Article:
Israeli-Arabs schools went on strike on Monday, joining with Christian- Arab schools that have been striking since September 1 in protest at education budget cuts for the Arab sector.
Jafar Farah, the director of Haifa’s Mossawa Center – The Advocacy Center for Arab Citizens in Israel, told The Jerusalem Post that around 90 percent of Arab schools went on strike in solidarity with Christian schools on Monday.
Farah claimed that the Education Ministry put pressure on mixed schools to open, but said that even Jewish-Arab schools resisted these efforts.
Christian schools account for a third of students in the overall Arab community, he said, adding that half of the pupils in Christian schools are Muslim.
He said that this solidarity from communities within Arab society demonstrates its overall strength.
“This is also a civil struggle that shows that education is becoming a high priority for the community,” Farah continued.
While the government likes to talk about how it protects the Christian community, this episode shows that “it is not doing so,” he argued.
MK Esawi Frej (Meretz) said on Monday that “20% of students in the country are sitting at home today instead of going to school because the Education Ministry closes its eyes in the face of demands from Arab schools in Israel.”
He added that it is “an emergency situation.”
“At this time, when the State of Israel seeks economic growth, it is fatally harming the schools from where most of the Arab academics come from,” he said. “This is discrimination and a total lack of equality on the part of the Education Ministry, ignoring the needs of Arab schools and the demands of parents.”
In response to the strike in the Arab sector, the Education Ministry insisted again that there had been no cuts to the Christian schools network in the current academic year or the year before it, and that “they are funded in an equal manner to other recognized but unofficial institutions in the State of Israel.”
The ministry said it was in a discussion with representatives of the Christian schools and that its proposals were “not coercive.”
The central administration of the 47 Christian schools in Israel pointed out, however, that the haredi (ultra-Orthodox) recognized but unofficial school networks Maayan Hinuch Torani and Hinuch Atzmai – of Shas and Agudat Yisrael respectively – receive 100% of the funding received by fully state-run schools.
Officials from the Christian schools claim that they are receiving in effect just 29% funding at present, which they say has led to a NIS 200 million shortfall for the new academic year.
According to Father Abdul Massih Fahim, director-general of the Christian schools network, the ministry’s claim that it is still providing the requisite 75% funding is technically correct, but only because the ministry has consistently reduced the standard number of allocated teaching hours in the sector from 1.1 hours per student in the 2003-04 school year to 0.66 hours per student for the current year.
Fahim said that the dialogue between the Christian schools and the Education Ministry had ceased in March of this year, and that the proposals made were to turn the schools’ status from recognized but unofficial to fully state run.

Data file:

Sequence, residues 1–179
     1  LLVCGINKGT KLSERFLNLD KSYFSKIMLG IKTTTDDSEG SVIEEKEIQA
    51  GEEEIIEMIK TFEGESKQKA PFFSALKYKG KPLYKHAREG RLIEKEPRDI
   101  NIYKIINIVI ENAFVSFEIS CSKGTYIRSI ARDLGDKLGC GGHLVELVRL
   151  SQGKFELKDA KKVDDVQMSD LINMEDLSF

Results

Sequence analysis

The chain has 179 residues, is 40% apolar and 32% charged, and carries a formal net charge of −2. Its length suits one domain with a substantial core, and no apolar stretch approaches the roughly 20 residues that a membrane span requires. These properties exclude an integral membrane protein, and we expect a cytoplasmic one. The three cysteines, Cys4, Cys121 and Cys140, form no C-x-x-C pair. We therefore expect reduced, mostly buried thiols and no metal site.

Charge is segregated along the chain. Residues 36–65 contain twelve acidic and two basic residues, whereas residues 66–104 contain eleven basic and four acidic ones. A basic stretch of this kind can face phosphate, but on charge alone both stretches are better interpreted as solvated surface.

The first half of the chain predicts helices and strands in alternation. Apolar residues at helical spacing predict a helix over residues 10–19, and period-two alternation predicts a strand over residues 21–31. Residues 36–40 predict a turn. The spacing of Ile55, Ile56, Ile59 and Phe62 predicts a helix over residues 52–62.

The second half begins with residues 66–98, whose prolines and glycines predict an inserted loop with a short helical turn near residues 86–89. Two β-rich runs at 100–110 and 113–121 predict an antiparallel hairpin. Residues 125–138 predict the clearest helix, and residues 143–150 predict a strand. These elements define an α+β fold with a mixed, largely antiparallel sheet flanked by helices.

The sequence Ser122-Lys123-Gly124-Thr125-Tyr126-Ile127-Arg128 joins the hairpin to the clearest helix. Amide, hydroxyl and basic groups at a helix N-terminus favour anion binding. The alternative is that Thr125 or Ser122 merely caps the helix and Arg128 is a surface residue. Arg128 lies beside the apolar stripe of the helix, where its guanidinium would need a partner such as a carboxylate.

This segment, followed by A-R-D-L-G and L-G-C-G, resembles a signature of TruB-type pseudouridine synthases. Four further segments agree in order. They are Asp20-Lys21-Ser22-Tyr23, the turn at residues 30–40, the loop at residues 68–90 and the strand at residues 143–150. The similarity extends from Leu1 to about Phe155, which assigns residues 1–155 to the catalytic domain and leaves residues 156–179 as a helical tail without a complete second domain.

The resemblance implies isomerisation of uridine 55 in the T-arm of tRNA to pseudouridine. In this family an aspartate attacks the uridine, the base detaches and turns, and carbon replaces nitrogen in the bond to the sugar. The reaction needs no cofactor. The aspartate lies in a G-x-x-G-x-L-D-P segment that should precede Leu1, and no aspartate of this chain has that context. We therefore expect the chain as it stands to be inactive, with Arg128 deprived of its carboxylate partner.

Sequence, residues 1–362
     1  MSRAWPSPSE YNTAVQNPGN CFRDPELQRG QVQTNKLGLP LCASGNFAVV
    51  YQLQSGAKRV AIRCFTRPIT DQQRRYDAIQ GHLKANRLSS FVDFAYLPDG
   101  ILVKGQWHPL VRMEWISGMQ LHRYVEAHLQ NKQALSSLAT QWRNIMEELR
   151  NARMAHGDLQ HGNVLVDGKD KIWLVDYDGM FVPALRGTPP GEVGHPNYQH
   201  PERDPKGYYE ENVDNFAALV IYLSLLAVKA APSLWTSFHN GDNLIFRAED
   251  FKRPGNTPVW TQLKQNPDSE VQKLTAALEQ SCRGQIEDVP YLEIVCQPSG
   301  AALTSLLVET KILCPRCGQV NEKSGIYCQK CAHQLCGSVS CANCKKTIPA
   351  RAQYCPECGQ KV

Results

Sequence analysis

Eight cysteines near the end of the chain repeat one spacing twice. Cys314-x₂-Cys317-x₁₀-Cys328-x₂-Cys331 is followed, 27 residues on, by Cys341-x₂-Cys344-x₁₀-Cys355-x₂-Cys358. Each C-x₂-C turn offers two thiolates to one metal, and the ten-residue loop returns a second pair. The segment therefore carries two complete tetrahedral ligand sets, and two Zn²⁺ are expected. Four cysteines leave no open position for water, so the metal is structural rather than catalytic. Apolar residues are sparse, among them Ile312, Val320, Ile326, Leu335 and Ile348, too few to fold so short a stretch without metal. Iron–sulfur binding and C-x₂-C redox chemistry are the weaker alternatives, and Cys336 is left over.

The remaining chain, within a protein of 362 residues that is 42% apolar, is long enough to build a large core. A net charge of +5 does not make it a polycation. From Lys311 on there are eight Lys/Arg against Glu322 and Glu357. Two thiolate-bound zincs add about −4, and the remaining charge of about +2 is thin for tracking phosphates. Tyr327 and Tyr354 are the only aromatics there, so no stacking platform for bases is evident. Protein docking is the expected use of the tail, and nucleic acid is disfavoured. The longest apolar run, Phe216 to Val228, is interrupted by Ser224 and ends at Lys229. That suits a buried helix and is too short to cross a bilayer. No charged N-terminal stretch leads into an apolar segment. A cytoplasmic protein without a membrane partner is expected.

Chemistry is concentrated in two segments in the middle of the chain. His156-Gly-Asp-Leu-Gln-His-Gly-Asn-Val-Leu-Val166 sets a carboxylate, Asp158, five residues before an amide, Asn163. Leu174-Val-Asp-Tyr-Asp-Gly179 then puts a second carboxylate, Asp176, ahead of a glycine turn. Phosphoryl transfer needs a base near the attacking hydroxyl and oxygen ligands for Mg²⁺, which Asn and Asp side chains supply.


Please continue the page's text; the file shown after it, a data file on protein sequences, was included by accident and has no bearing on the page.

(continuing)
“This would mean the confiscation of the schools from the churches [that run them] physically and in terms of the educational content,” he said.
The other proposed solution was to categorize the Christian schools as “special schools,” in order to enable them to ask that parents pay higher fees of up to NIS 7,000 for each child per year, something that Fahim said was not reasonable.
More than 3,500 parents, teachers and schoolchildren from the Christian- Arab sector protested outside of the Prime Minister’s Office on Sunday morning against the reduced funding that the Christian school networks have received in recent years.
The 47 Christian schools around the country, teaching 33,000 pupils, have not yet returned to school despite the academic year beginning last week, because of the cuts, officials in the Christian community said.
The schools in question are referred to as “recognized but unofficial,” meaning they are supposed to receive 75% of the funding provided to full state schools, and are obligated to teach 75% of the teaching hours taught by state schools.
Christian schools achieve some of the best results of all schools in Israel, with 69% of Christian pupils matriculating from high school compared to 61% in the Jewish sector and 50% in the Muslim sector, according to the Central Bureau for Statistics.
“The substance of our protest is justice, democracy and equality,” said Bishop Bulos Marcuzzo, the auxiliary bishop and patriarchal vicar for Israel on Sunday. “We are not treated in the same way as similar schools. We deserve and have the right to be treated like all the other schools in Israel.
How can you speak about democracy when 33,000 children can’t go to school. How can you speak about freedom and human rights when the best and oldest schools in Israel cannot operate properly because the Education Ministry doesn’t give us what we deserve?”sign up to our newsletter